There is no merely intellectual coherence, no abstract ultimate meaning, to be found, and if this is not recognized, then the compulsion to find such certainty becomes its own punishment. This realization is not the end of theology but the beginning of it: trust no theory, no religious history or creed, in which the author's personal faith is not merely in play, but actively at risk.
You know the value of your doubt by the quality of the disquiet that it produces in you. Is it a furious centrifugal sort of anxiety that feeds on itself and never seems to move you in any one direction? Is it an ironclad compulsion to refute, to find in even the most transfiguring experiences, your own or others, some rational or "psychological" explanation? Is it an almost religious commitment to doubt itself, an assuredness that, in modern times, absolute doubt is the highest form of faith? There is something static and self-enthralled about all of these attitudes. Honest doubt, what I would call devotional doubt, is marked by three qualities: humility, which makes one's attitude impossible to celebrate; insufficiency, which makes it impossible to rest; and mystery, which continues to tug you upward—or at least outward—even in your lowest moments. Such doubt is painful—more painful, in fact, than any of the other forms—but its pain is active rather than passive, purifying rather than stultifying. Far beneath it, no matter how severe its drought, how thoroughly your skepticism seems to have salted the ground of your soul, faith, durable faith, is steadily taking root.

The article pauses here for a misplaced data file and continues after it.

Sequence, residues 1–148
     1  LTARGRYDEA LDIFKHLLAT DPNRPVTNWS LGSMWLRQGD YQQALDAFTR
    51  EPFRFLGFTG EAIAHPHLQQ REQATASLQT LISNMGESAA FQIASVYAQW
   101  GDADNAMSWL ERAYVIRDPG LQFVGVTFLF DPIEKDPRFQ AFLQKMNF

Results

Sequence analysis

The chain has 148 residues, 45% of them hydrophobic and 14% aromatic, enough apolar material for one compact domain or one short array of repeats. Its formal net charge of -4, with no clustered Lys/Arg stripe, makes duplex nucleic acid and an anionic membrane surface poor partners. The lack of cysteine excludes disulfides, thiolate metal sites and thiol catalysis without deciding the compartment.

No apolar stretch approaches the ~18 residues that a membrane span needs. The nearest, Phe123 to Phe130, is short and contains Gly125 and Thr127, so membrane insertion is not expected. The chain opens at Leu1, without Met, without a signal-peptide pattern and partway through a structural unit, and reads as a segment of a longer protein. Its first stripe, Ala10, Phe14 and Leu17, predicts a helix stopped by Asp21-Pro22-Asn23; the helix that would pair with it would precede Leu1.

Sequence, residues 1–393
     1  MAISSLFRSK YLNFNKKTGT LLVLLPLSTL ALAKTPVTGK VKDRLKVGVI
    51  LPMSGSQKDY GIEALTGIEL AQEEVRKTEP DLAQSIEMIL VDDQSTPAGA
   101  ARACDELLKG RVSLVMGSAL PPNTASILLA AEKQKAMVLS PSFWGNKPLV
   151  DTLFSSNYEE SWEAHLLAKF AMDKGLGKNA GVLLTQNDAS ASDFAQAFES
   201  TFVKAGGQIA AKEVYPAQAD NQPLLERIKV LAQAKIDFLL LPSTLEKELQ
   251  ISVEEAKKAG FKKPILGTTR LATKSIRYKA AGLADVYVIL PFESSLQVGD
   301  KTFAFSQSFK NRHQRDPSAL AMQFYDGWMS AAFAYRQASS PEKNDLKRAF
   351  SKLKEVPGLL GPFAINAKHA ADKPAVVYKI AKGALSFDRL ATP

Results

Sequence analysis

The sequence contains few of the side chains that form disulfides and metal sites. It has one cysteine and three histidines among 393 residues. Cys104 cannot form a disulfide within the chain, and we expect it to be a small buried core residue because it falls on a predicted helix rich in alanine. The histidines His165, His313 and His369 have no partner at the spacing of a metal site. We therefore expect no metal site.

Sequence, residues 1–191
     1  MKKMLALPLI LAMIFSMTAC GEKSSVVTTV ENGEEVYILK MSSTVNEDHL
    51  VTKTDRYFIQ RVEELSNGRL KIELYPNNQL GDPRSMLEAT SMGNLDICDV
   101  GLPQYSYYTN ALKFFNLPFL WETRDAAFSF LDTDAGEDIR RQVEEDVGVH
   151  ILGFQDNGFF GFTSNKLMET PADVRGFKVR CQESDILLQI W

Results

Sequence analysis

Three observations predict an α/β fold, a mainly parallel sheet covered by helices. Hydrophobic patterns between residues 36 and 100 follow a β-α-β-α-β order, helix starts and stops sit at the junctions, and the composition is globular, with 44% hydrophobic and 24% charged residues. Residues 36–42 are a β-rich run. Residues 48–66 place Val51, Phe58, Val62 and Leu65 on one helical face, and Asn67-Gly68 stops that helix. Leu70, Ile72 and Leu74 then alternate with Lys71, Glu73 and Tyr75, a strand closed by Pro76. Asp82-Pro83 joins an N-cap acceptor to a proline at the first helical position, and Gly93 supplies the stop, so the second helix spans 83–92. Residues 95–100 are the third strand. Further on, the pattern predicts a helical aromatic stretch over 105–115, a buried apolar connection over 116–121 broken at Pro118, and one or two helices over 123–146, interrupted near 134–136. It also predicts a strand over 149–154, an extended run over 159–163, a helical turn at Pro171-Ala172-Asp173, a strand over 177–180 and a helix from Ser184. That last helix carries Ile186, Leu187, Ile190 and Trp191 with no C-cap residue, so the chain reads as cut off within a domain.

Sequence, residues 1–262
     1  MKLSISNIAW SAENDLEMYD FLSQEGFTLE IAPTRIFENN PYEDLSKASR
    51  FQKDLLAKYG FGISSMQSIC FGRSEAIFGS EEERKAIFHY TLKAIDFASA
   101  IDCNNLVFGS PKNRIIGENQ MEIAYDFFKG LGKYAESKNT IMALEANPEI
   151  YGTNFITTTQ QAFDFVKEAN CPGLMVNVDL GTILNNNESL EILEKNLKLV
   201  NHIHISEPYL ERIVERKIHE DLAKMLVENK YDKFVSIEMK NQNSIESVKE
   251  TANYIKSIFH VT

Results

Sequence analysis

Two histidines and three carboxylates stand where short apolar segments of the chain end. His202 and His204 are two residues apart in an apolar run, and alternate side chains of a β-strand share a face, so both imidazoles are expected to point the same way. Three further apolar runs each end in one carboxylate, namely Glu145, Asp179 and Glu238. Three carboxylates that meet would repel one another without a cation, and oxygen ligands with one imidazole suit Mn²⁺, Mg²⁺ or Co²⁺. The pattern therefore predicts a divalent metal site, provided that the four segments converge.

The gospels vary quite a bit in their accounts of Jesus' resurrection and the ensuing encounters he had with people, but they are quite consistent about one thing: many of his followers doubted him, sometimes even when he was staring them in the face. There are a couple of rather obvious morals for modern believers here. If the disciples of Christ could doubt not only firsthand accounts of his resurrection but the very fact of his face in front of them, then clearly doubt has little to do with distance from events. It is in some way the seed of Christianity itself, planted in the very heart of him (My god, my god, why has Thou forsaken me?) who is at once our God and our best selves, and it must be torn terribly, wondrously open in order to flower into living faith. But how does that happen? That's the second "lesson" to be learned from these particular Gospel stories. Just as some of Jesus' first-century followers could not credit the presence of the risen Christ, so our own blindness, habit, and fear form a kind of constant fog that keeps us from seeing, and thereby believing in, the forms that Christ's presence takes in our everyday lives. We may think that it would be a great deal easier to believe if the world erupted around us, if Christ himself came down and offered as evidence the bloody scars in his side, but what the Gospels tell us is that this is not only wishful thinking but willful blindness, for in fact the world is erupting around us, Christ is very often offering us the scars in his side. What we call doubt is often simply dullness of mind and spirit, not the absence of faith at all but faith latent in the lives we are not quite living, God dormant in the world to which we are not quite giving our best selves.